2 January 2003, 12:39 a.m.


back & forth

Froberger, Froberger, Froberger!: I treated myself to the Le Pupitre edition of the Schweets. There is nothing like owning something to bring on the familiarity and the contempt: this is an edition that struck me as attractive and well-laid out when I took it out of the library, but now that I get it home there are all sorts of ugly, ugly decisions -- semiquaver passages where the notes look like millipedes dancing dirty, flags of different thicknesses joined up, holes in the staff. I haven't seen any errors yet, at least. I miss the old DTÖ edition. But enough bitching! I haven't been playing the suites at all and it's just good to have them at hand again.

Playing Froberger is frightening: his art is touched by madness. The suites are profoundly intimate, designed more for the player than the listener. While the toccate, the capricci, the canzoni are all somewhate extroverted, the suites are all close, tightly wound. Not really designed to be heard from any further away than ten feet. Which also gives me the feeling that Froberger himself is breathing down my neck. Take the Meditation, Faite sur ma mort future, la Quelle se joue lentement avec discretion -- the piece is D, and in the last two bars of the first half, when you expect it to land in A major like a good little Allemande, it suddenly veers off to a shimmering f-sharp major chord -- a chord which in meantone tuning is a little challenging; it is a moment of both rest and optimism. One in ten times that I play the piece, I manage to surprise myself with that chord, and this sounds right to me; and yet something in the nature of the piece prevents me from being able to control the effect completely -- spontaneity is a careful calculus between thinking a hell of a lot about what to play next and being completely ready for it, and also fooling yourself into thinking that you're improvising the whole thing.

As a tonic to that I also picked up the Art of the Fugue for my inner idiot-savant. I can't help being a little disparaging about the quasi-religious reverence with which Bach's fugal technique is treated by people who listen to Glenn Gould while stoned and read too much Gödel, Escher, Bach for their own good. In my best moments, I aim to approach JSB as a contemporary would -- that is, with the distinct impression that he's a bit of a stuffy old bore and that Telemann has more fun. Damned if he didn't thwart me, that old Lutheran sonofabitch. It's the fuga "in stylo francese" that knocked my pants off. The little notes, of course, those o-so-gallic dotted figures and runs and so on -- but also the broad in-joke humor of it all. The snickering usually starts with "watch while I use this melody as my punching-bag" and ends with, "did you think I'd go there? Nope! I'm going here!." OTOH, with apologies to the hardcore Bacholators, I find some of the contrapunctuses sound a bit like the musical equivalent of saying what day of the week the twenty-second of July, 2067 will be. Very clever, but you yawn into your beard, or at least grow one as the music goes on and on.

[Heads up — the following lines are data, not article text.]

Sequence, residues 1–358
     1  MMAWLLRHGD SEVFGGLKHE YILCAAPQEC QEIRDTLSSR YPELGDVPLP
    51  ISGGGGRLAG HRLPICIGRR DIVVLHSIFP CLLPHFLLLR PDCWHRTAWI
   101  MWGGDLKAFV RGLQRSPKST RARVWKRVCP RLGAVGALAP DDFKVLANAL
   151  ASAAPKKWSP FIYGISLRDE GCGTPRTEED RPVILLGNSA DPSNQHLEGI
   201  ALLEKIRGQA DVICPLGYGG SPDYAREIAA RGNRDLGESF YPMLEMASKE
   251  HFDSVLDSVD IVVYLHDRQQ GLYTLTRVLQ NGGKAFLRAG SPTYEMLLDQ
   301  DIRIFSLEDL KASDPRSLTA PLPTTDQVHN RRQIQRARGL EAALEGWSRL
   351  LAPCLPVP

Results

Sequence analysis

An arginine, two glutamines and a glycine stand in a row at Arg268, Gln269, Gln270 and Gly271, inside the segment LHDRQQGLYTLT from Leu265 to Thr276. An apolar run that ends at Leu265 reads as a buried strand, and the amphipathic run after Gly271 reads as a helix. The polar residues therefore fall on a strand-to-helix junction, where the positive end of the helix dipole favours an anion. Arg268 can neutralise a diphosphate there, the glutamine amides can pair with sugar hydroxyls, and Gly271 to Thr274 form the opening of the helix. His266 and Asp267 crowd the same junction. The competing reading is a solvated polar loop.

New Year's Eve was more or less a success -- house full of people, case full of champagne (for my real friends, real pain for my sham friends). Since we're trotting out the old jokes, might as well let you in on my great talking point of last night: I couldn't find my granddad's studs for my shirt, so I had to make do with safety pins, artfully arranged. "Look!" I'd simper. "They're early Vivienne Westwood!" People laughed at me more towards the end of the evening.

I'm going to pretend that nothing happened in December, since I sure as hell didn't have anything pressing me to write about it. I turned 25. I saw my parents. I dyed my hair black. And now it's 2003; here's hoping it won't be any worse than last year! Cheers!